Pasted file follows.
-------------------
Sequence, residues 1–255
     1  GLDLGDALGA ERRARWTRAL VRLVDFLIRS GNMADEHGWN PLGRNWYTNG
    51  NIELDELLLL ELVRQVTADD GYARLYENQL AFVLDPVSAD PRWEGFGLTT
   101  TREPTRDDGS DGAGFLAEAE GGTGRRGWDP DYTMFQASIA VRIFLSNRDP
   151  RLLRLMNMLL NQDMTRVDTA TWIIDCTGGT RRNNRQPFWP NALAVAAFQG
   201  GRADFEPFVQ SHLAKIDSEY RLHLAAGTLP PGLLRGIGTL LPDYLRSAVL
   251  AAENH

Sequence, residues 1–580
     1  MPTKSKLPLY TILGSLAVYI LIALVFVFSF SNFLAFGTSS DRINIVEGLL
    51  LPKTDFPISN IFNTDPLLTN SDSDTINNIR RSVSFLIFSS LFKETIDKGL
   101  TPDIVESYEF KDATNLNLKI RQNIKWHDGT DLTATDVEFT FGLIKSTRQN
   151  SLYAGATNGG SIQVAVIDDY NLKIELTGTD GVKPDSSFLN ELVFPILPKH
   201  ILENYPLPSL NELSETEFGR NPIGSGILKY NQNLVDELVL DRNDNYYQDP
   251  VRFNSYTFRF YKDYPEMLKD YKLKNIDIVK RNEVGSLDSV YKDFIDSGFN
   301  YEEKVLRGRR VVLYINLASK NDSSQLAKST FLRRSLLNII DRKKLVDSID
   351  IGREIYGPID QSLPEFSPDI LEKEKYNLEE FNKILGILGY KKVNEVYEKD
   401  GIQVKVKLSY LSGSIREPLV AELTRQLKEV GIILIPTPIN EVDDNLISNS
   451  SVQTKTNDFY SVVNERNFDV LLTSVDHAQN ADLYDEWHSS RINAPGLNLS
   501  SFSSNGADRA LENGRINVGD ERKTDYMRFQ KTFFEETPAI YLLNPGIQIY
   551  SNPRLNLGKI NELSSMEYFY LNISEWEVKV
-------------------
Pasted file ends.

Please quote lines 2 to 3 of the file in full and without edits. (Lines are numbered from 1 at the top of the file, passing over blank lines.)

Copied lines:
     1  GLDLGDALGA ERRARWTRAL VRLVDFLIRS GNMADEHGWN PLGRNWYTNG
    51  NIELDELLLL ELVRQVTADD GYARLYENQL AFVLDPVSAD PRWEGFGLTT